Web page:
How to Know When That Business Idea Is Good Enough to Pursue
Grow Your Business, Not Your Inbox
Eureka! You’re overcome with a genius (or so you think) business idea while going about your day. But is your idea good enough to actually act on? Knowing when it’s time to start a side gig or, better yet, to leave your job can be challenging.
This article will give you some guidelines to help you better understand if it’s worth acting upon your supposedly game-changing business idea.
Can the business model be patented or protected in some way?
You want a moat. The wider, deeper and more alligator-infested, the better. A moat refers to obstacles potential competitors would have to contend with in order to directly compete with your business.
Examples of a moat are patents, exclusive licenses or unique information that would make it difficult for competitors to copy your business model.
If your business lacks significant moats, that can be OK. There are many examples of consumer packaged goods companies that have found success with little to no moats. The mail-order shaving company Dollar Shave Club is just one example.
If your business lacks a moat, and you don’t have a positive answer for the questions below, then it’s back to the drawing board for you and your business idea.
Would the business idea require you to operate in a heavily regulated industry?
Regulation is great if you’re a consumer; it protects you from being harmed by organizations that you might otherwise have a hard time defending yourself against. But when it comes to running a business, regulation is expensive, and often prohibitively so.
There’s a reason why sectors like health care or government tend to lack innovation. It’s because all of the red tape discourages entrepreneurs from entering a market where regulation eats profits for breakfast.
The easiest way to know if an industry is heavily regulated is to talk to a few folks who are already operating within it. As part of your due diligence, you can also research the local and federal laws that govern the industry in question.
If you find it difficult to surface any laws directly related to the industry you are thinking of entering, then it may be time to rejoice.
Has the idea been done before? If so, how did other businesses fare?
In the venture capital world, there are two ends of a spectrum in which to operate. One is a "blue ocean," where there isn’t a single competitor in sight. Then, there's a "red ocean," a world in which competitors are more plentiful than seaweed.
Ideally, you’d like to operate somewhere in between. Contrary to popular belief, creating an entirely new market can be a bad idea. It often requires market education, which means you’ll need a big marketing budget or some viral component to user adoption.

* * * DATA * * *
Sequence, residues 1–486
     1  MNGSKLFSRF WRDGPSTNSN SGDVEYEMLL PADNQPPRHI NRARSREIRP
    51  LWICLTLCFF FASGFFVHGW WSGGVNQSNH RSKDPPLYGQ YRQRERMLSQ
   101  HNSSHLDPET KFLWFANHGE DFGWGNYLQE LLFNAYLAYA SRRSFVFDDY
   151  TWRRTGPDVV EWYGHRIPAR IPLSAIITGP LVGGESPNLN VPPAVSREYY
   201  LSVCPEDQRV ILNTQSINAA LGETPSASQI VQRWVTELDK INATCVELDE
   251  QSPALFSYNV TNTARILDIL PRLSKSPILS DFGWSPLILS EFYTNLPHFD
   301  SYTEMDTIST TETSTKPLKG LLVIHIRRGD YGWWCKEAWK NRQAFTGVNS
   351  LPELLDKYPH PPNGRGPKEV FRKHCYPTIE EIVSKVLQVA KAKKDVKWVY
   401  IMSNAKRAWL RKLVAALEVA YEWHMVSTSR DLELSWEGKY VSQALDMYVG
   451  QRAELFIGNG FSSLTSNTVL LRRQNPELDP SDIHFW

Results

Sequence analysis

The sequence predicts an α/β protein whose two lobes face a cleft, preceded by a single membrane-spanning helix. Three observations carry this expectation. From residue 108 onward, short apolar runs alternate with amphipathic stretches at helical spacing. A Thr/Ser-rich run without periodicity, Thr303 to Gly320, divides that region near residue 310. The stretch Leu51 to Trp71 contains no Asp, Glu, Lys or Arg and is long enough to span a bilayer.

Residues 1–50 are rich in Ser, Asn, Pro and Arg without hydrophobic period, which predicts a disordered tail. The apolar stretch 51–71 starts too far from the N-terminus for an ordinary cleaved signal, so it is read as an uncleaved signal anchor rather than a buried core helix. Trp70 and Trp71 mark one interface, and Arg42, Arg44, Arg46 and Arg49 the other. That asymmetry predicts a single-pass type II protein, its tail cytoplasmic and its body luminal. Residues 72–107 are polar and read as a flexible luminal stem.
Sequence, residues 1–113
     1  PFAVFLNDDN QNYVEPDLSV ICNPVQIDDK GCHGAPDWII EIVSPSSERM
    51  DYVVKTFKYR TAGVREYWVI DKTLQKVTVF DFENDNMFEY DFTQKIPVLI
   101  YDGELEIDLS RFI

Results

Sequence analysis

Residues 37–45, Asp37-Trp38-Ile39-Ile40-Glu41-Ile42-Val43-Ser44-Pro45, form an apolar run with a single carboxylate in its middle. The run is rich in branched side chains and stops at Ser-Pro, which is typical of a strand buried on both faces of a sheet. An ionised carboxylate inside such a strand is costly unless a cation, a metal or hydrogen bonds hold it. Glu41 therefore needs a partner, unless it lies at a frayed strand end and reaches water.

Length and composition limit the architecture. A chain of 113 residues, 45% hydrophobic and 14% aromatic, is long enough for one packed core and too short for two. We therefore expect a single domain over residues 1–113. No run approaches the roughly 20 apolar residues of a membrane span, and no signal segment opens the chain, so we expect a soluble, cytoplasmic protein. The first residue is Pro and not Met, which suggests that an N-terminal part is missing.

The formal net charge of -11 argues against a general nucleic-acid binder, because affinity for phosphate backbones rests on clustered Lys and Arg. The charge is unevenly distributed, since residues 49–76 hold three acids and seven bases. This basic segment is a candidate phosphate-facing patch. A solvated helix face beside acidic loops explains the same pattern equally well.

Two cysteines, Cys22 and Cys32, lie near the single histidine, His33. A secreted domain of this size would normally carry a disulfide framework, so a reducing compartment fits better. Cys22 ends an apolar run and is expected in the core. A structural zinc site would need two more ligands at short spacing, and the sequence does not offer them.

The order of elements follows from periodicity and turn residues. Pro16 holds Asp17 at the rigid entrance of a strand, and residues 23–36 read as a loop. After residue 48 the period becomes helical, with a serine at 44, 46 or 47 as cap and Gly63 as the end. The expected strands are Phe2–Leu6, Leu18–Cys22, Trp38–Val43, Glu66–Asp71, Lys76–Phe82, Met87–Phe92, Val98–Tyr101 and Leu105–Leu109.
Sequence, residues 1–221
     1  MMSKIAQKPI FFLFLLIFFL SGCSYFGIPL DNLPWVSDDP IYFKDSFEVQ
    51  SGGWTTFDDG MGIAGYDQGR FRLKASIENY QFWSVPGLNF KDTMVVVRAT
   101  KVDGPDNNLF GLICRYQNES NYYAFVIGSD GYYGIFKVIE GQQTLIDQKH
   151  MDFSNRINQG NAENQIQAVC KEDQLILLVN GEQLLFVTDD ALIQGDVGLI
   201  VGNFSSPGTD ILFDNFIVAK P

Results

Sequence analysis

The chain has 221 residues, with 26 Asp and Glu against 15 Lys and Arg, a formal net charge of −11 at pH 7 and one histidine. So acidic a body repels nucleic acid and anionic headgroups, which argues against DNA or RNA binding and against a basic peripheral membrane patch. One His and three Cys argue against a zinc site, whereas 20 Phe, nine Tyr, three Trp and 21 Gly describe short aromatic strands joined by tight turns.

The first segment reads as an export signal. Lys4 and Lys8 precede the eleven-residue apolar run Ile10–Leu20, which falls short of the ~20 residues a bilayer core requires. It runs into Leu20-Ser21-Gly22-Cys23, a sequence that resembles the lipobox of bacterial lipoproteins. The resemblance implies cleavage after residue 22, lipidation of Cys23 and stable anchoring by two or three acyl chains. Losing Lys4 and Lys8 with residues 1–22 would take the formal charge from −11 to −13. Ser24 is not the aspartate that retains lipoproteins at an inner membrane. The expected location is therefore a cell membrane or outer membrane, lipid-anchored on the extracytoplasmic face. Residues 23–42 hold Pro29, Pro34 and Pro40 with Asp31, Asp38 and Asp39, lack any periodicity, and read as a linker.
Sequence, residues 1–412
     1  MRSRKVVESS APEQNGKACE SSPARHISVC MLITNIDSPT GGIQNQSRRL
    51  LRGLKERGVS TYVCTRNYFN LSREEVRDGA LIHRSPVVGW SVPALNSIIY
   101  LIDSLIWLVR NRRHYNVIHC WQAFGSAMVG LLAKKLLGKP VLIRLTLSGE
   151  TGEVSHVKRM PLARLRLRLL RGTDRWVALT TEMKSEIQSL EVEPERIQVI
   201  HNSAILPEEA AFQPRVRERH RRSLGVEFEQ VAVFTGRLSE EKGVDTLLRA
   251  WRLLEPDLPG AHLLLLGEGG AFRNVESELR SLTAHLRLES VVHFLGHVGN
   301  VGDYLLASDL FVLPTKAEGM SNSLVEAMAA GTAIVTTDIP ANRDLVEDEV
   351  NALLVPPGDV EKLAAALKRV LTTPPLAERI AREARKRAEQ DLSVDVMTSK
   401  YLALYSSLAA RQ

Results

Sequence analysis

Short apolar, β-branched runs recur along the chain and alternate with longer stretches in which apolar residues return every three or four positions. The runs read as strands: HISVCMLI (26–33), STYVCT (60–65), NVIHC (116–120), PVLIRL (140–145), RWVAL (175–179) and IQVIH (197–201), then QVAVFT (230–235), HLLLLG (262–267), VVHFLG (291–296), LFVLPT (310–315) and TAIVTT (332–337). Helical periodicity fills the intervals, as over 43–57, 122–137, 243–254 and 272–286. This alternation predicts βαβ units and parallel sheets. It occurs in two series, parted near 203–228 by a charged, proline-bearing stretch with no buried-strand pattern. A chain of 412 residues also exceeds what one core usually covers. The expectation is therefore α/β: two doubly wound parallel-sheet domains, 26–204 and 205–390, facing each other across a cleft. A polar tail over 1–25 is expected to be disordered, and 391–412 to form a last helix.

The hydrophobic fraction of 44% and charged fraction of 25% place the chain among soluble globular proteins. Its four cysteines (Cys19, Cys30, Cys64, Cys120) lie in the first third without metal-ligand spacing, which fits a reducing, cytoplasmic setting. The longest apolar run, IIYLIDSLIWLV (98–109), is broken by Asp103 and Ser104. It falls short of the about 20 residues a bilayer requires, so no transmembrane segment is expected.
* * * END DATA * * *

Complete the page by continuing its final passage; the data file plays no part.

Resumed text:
Look for potential competitors, or for businesses that originally operated in your market before pivoting or going out of business. If you find one or two organizations operating successfully, and a large market cap exists for your product or service, then that’s a good sign.
Would the business idea require large up-front costs?
As has been alluded to already, it’s best to avoid a business idea that will require large up-front costs, all things being equal.
A few caveats before continuing: First, it should be noted that large up-front costs is a relative measure. Most businesses will require meaningful up-front costs to get started. Second, up-front costs aren’t necessarily a bad thing; they can mean that you are able to gain market share faster thanks to early investment. Third, up-front costs aren’t concerning if the risk that the business will fail is relatively low or, at the very least, if you are tolerant of a high-risk business scenario.
That said, you should be able to roughly calculate the up-front costs that will be required to successfully launch your business idea before actually doing so.
Can you use your expertise to give your business a meaningful edge?
Back to the moat discussion -- if you have access to some sort of hard-to-find expertise, your business will be in better shape than if you have to learn skills central to the success of the business.
That’s not to say that your new venture should not require you to learn new skills. It simply means that developing a business that plays to your strengths will increase the likelihood that the business will be successful in the long run.
If you think you’ll need to develop a variety of skills essential to the success of the business, consider bringing on a co-founder or a handful of highly skilled early employees.
Improving your odds
Successfully developing a business from idea to IPO (or at least to successful small business) is a part of the American dream. While the vast majority of small businesses will fail in the first 10 years after founding, if you carefully vet your business idea before launching, you will be able to markedly improve your odds.